It's not too often that Robert Redford is your front man, though, in this particular case, he's not acting. Far from it.
Redford, a world-renowned environmentalist as well as an Oscar-winning actor and director, announced today in Paris a significant expansion of NRDC's City Energy Project (CEP), a national effort to make major reductions in greenhouse gas emissions in cities by increasing energy efficiency in the very buildings that make cities distinct.
The announcement came as part of the Climate Summit for Local Leaders -- an offshoot to the UN Conference on Climate Change that brought together more than 400 mayors from around the world to share their successes and inspire other mayors in the fight against climate change.
"Mayors are closer to the ground and closer to the people," Redford, an NRDC trustee, told the crowd. "They are the force for change."
The event was hosted by two galvanizing leaders in the field: Parisian Mayor Anne Hidalgo, whose city is on its way to a 25 percent reduction of greenhouse gas emissions by 2025, and Michael Bloomberg, UN Special Envoy for Cities and Climate Change and former New York City Mayor.
"We organized this summit," Mayor Bloomberg wrote in a recent Huffington Post column, "to ensure that mayors--who overwhelmingly favor bold action on climate change and are leading by example--have their voices heard by those negotiating a global agreement."
Launched in January 2014, the City Energy Project is a joint collaboration with NRDC and the Institute for Market Transformation with the purpose of guiding cities toward greater environmental and economic resiliency. The 10 cities participating in our flagship initiative are Atlanta, Boston, Chicago, Denver, Houston, Kansas City, Missouri, Los Angeles, Orlando, Philadelphia and Salt Lake City. CEP works with these cities by promoting individualized programs and policies that allow them to cut energy waste from the single largest user of energy and source of carbon pollution in the United States, large urban buildings.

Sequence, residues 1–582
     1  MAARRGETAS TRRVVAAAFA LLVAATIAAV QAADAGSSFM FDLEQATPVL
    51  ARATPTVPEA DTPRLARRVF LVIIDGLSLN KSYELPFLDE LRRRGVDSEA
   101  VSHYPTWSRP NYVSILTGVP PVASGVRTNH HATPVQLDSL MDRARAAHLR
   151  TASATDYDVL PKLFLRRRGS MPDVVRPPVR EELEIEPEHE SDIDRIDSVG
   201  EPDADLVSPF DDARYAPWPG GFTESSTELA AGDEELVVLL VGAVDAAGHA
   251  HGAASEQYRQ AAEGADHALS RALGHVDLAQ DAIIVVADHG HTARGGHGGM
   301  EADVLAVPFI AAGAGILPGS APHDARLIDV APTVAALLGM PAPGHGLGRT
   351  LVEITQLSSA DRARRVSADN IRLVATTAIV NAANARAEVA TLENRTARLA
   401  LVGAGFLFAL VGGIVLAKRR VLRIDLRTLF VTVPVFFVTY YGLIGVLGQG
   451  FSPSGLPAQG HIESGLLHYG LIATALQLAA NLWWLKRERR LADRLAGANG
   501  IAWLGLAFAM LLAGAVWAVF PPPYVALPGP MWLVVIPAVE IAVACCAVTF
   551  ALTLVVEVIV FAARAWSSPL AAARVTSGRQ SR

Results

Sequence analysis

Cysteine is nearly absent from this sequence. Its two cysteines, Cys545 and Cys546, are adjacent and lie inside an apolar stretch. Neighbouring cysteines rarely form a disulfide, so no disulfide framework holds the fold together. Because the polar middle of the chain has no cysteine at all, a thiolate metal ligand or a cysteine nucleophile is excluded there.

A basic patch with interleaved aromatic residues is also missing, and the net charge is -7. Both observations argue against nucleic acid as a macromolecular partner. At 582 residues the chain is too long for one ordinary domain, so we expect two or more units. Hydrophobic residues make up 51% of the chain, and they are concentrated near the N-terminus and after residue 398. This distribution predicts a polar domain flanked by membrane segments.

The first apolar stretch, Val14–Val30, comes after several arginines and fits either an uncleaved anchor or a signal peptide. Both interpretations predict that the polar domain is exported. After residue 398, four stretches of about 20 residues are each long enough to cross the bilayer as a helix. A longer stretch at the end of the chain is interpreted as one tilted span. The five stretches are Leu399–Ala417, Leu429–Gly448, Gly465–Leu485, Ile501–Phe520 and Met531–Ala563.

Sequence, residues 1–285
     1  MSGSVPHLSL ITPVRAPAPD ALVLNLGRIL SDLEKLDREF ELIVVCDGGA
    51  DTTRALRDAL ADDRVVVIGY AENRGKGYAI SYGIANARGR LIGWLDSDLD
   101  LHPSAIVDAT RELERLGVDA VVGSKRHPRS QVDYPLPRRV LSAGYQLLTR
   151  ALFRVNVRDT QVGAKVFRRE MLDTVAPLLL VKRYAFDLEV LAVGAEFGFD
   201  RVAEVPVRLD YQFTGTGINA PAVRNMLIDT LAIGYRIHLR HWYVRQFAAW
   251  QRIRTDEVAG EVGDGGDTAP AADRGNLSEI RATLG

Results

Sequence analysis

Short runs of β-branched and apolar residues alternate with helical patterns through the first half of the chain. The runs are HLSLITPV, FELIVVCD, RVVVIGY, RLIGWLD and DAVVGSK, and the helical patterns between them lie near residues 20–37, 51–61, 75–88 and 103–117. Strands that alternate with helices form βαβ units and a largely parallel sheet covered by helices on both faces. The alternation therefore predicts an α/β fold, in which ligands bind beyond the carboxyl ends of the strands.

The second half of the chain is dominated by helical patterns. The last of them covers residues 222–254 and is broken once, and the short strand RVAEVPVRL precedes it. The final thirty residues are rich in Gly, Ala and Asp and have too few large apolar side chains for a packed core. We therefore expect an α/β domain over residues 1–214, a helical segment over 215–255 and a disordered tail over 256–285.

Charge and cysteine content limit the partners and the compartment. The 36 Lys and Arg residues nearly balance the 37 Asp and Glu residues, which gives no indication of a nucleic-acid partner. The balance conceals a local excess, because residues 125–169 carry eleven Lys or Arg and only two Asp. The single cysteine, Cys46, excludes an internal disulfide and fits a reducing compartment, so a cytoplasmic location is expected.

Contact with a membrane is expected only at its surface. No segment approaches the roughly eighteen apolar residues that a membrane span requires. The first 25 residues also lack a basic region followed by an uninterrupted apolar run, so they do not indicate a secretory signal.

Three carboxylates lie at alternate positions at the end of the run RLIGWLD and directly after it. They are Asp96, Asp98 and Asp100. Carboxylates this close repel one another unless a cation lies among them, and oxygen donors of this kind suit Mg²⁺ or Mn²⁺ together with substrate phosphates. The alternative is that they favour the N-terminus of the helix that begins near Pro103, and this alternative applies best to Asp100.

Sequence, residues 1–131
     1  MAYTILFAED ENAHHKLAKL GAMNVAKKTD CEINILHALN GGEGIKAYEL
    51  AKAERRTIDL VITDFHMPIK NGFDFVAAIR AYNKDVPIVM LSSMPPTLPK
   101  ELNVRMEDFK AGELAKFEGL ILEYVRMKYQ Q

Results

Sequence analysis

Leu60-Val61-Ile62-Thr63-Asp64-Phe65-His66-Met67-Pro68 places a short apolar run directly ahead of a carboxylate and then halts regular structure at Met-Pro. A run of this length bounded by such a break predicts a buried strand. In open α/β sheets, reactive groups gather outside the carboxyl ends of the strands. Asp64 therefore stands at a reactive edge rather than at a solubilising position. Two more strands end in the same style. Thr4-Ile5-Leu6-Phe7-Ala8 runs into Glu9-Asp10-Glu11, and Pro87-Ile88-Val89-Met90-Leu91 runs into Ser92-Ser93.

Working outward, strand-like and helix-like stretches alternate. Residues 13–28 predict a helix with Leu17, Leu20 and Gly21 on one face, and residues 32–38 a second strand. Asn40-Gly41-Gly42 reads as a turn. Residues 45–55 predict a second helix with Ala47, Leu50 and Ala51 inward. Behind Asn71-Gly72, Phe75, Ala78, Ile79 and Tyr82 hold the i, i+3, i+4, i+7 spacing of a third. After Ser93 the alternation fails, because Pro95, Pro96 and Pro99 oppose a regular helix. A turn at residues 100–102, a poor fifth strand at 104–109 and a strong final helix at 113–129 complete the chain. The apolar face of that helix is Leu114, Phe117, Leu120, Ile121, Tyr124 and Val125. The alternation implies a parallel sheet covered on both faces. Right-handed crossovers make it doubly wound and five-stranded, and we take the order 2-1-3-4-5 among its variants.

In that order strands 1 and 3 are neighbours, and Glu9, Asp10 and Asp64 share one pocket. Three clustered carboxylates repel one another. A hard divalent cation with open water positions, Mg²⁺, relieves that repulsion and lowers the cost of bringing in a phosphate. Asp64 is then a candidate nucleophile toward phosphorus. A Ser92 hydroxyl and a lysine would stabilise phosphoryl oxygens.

If U.S. buildings were their own country, they would rank third in the world in climate pollution, behind only China and the U.S., meaning the potential for energy and money savings from cutting energy waste in buildings is huge. Several CEP cities have already made substantial strides toward this goal, having developed and passed ordinances that require and/or increase incentives for energy efficiency programs that not only cut harmful pollution but save money, create jobs and improve public health.
For instance, in April, Atlanta unanimously passed its Commercial Buildings Energy Efficiency Ordinance that requires buildings larger than 25,000 square feet to benchmark and report on their energy use annually. Under the ordinance, buildings will have to conduct an energy audit every 10 years, review areas where energy is being wasted and take concrete steps to fix the issues.
Buildings of this size represent 80 percent of Atlanta's commercial real estate sector; promoting energy efficiency initiatives will have a significant impact on the city's environmental and economic sustainability. These policies are expected to create $112 million a year in energy saving benefits for Atlanta by 2030, jumpstart the city's energy-efficiency sector, spur the creation of more than 1,000 jobs a year in the first few years, and reduce building carbon emissions by 50 percent from 2013 levels.
Atlanta is leading the charge in other money-saving ways, too. Recently, the city announced that it will install solar panels on 28 municipal buildings in a measure that will save taxpayers money, cut the city's carbon emissions by 73 million pounds, and save 216 million gallons of water through 2030. These examples are a basic snapshot of the sizeable environmental, economic, and social benefits of CEP's pioneer programs.
City leaders recognize the importance and value of such initiatives and can't sit back and wait for state or federal governments to make sustainability and climate resilience a priority. They realize fighting global warming isn't just a moral obligation but also a major opportunity to make their cities better places to live and prosper. Thanks to a generous increase in funding from our sponsors at Bloomberg Philanthropies, the Kresge Foundation, and Doris Duke Charitable Foundations, CEP is able to help more U.S. cities become healthier, more livable, more resilient and more prosperous - and become leaders in the fight against climate change.